The Oracle

Rolling into interviews: A disabled person’s journey of finding a job

Emily Brown, Senior Columnist

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Since the 1980s, a Walmart greeter has stood (or sat, depending on the person’s ability) at the front of the store and greeted customers as they entered. Due to the nature of this job, many people with disabilities and chronic illnesses have it. If it wasn’t for that position at Walmart, a lot of people with varying disabilities, including cerebral palsy and autism, would be unable to get a job and would be unable to provide for themselves. This role was originally made to reduce shoplifting, and over time, it became a job that often employed people with disabilities because it was something that we could physically do.

In February 2019, Walmart announced that they would be changing their greeter role to ‘customer host.’ The demands of the job will also change. Instead of sitting or standing in the front of the store and greeting customers, the customer host will be responsible for jobs such as assisting with returns, lifting up to 25 pounds and being able to clean up spills. These are all tasks that many people with disabilities can’t do. It has been reported that people with disabilities have been laid off and are more expected to lose their jobs.

As a disabled person who’s exploring the job world, this breaks my heart and enrages me. Besides writing for the Oracle, I’ve never had a job. But that will hopefully change this summer and this fall. I am currently looking for a job for this summer and a work study position for the fall. I have already applied for a number of jobs. I have had three interviews so far and two rejections. I’m disappointed that I didn’t get these jobs, but I’m more curious as to why I didn’t get the job. I have a couple of different theories. I can’t start working until after the semester ends and maybe they need someone to start now or they wanted someone with more experience.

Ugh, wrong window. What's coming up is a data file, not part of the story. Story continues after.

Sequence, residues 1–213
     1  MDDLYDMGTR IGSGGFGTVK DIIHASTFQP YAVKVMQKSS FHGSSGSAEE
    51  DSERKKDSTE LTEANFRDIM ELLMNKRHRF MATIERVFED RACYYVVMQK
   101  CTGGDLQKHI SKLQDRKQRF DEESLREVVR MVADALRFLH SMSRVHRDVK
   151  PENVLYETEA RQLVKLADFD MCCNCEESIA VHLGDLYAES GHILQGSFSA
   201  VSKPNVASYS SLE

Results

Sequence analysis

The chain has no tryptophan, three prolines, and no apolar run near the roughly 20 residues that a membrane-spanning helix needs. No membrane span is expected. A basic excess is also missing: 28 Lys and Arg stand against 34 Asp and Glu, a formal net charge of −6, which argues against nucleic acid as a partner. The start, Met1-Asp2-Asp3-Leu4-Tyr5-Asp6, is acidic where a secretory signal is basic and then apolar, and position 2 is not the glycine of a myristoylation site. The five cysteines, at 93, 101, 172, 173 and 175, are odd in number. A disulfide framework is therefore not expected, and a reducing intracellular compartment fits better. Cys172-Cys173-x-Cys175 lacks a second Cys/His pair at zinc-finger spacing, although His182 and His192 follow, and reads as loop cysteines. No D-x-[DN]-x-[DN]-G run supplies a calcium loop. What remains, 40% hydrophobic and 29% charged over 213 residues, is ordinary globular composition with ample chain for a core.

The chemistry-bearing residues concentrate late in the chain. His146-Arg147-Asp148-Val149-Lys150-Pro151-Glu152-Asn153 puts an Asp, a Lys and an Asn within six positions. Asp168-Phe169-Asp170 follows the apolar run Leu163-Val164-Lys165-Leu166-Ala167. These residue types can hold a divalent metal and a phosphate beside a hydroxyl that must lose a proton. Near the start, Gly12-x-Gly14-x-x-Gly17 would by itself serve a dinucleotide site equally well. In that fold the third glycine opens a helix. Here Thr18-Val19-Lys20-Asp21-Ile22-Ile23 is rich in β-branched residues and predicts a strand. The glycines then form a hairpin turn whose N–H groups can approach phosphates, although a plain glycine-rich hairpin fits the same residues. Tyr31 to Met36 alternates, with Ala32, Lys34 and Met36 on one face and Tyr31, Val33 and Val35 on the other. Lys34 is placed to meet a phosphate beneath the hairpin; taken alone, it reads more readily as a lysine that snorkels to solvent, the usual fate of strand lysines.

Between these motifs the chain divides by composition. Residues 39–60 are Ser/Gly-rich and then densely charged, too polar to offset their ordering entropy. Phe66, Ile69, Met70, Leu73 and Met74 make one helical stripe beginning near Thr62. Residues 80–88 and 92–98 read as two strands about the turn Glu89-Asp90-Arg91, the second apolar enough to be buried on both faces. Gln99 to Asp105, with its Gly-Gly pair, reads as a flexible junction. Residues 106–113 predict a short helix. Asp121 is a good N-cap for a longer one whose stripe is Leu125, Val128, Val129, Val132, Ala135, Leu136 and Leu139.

But I have another idea. I hate to say it, but it may be because I am in a wheelchair and have cerebral palsy. It is illegal for a job application to ask the applicant if they have a disability. Despite this, I did have to disclose if I was disabled or not on my AMC application.

Knowing that my potential future employer did not know I was disabled only added to my anxiety going into the interview. I knew I would be judged immediately before I even opened my mouth. I knew that I would be judged before I even extended my hand and said, “Hi, I’m Emily.” I saw the looks and the double takes when the people in the front realized that I was there for a job interview.

When I came into the interview, I let the thought of discrimination bug me for half an instant. But then I had to let it go. I had to focus on nailing the interview. Instead of feeling sorry for myself and giving up on the interview before I was asked the first question, I used my disadvantage as motivation to go above and beyond in the interview to show I am a good candidate for the job despite my disability.

But no such luck. I feel defeated and exhausted. And the news of Walmart discontinuing the greeter position does nothing to give me hope about my job search. If Walmart still had the greeter position, I could apply and interview for a job where I knew I wouldn’t be judged for my cerebral palsy.

By changing the greeter position to ‘customer host,’ Walmart has told me and every person with a disability that we will be judged in our interviews and probably turned away.

People with disabilities want to support themselves just like abled people. If society doesn’t want to support us, let us support ourselves. Make it easier on us, not harder.

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The student news site of Hamline University.
Rolling into interviews: A disabled person’s journey of finding a job